Just an extra hour of exercise a week could significantly cut obesity among young overweight girls, according to a study that researchers say could lead to major changes in the way schools fight obesity.
The study--the largest look yet at obesity among young children--did not show the same results for boys, possibly because they generally get more exercise than girls. Still, Dr. Rebecca Unger, a pediatrician at Children's Memorial Hospital in Chicago, said the findings show the important role schools can play to prevent obesity and its health ramifications.
She said the study highlights the importance of funding daily physical education in the nation's schools, where about 15 percent of children and adolescents are overweight, according to government figures.
"This is incredibly serious if you consider the medical and emotional consequences of obesity. The further along these problems progress the more at risk these children are," said Unger, who was not involved in the research.
In the study of 11,000 children, researchers compared changes in the body-mass index--a measure of weight relative to height--of obese and overweight girls in kindergarten and first grade. They found that the prevalence of obesity and being overweight among the girls fell 10 percent in schools that gave first-graders one hour more of exercise time per week than their kindergartners.
Based on that, the researchers believe that giving kindergartners at least five hours of physical education time per week--the amount recommended by the federal government--could potentially reduce the prevalence of obesity and overweight among girls by 43 percent.
"This has the ability to affect tens of thousands, if not hundreds of thousands, of children. The implications are so big because this is something we can do as a society," said Nancy Chockley, president of the National Institute for Health Care Management Foundation.
The Washington, D.C.-based nonprofit group recently released a research brief on the study, and two other studies of childhood obesity.
The analyses were done by the Rand Corp., a think tank that used data collected by the U.S. Department of Education as part of a long-term study of 11,192 children from about 1,000 schools who entered kindergarten in 1998.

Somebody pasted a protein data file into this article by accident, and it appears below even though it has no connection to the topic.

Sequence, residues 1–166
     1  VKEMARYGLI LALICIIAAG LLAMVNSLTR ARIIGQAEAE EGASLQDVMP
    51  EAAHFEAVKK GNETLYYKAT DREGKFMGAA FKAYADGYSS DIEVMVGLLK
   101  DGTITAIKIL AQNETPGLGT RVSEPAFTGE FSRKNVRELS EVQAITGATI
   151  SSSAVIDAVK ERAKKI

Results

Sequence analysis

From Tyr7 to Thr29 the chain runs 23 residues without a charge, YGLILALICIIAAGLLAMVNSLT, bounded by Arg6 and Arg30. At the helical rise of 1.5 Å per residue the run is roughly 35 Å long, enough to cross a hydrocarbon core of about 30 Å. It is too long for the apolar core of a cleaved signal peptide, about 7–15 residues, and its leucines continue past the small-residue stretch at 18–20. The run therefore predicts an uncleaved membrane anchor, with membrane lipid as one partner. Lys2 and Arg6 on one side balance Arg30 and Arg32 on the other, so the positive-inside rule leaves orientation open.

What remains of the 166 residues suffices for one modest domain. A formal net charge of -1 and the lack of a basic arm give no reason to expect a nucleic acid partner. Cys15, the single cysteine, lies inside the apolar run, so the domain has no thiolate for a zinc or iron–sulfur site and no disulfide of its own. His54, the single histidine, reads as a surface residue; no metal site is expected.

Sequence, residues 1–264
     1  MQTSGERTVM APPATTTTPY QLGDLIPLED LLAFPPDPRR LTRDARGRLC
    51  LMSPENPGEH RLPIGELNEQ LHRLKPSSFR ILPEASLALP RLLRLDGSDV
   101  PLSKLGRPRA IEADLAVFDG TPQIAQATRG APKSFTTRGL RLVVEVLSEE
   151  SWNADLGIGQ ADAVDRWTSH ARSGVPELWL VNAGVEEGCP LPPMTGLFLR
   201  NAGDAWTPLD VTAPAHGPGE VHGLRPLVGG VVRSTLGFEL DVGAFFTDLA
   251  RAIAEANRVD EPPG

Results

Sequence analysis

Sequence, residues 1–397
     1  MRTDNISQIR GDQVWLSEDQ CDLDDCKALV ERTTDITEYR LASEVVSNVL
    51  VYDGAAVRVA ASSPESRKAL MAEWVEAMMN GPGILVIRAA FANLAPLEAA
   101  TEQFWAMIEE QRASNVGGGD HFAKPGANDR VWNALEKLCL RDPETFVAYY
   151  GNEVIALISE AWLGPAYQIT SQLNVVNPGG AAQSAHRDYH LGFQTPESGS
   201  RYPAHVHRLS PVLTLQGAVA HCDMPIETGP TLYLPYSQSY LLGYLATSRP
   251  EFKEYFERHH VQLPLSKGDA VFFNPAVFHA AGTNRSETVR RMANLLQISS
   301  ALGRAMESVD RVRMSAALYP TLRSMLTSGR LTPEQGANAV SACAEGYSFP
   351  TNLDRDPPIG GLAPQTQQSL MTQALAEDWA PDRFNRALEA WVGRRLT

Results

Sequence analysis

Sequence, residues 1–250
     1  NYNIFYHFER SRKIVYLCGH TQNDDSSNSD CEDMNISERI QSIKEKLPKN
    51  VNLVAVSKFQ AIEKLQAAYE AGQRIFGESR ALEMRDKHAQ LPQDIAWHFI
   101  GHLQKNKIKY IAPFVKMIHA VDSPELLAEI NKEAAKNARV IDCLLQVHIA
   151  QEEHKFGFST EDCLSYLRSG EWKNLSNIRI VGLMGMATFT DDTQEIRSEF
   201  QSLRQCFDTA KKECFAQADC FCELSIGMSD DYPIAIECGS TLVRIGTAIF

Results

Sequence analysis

The results released so far are only for those youngsters' kindergarten and first-grade years. Data on their third-grade and fifth-grade years will be released later.
Yale University obesity researcher Kelly Brownell said the findings are significant because they demonstrate the importance of making sure children get adequate physical activity-in or out of school. But he said exercise must be tied with better eating habits--including rethinking school lunch programs and the presence of school vending machines laden with high-calorie snacks--to fully address the nation's growing epidemic of childhood obesity.
"This is probably the strongest statement yet that physical activity may help prevent obesity. But we have to remember that it's not going to compensate for the unhealthy diets kids are eating," said Brownell.
In the past decade, many schools have scaled back recess time or physical education classes to provide more time to prepare students for testing programs that are a key part of school-funding formulas, said Dr. Vincent Ferrandino, executive director of the National Association of Elementary School Principals.
"Many of those schools that made those choices to cut back on PE classes now realize that was not a good decision in regards to their students' health," said Ferrandino.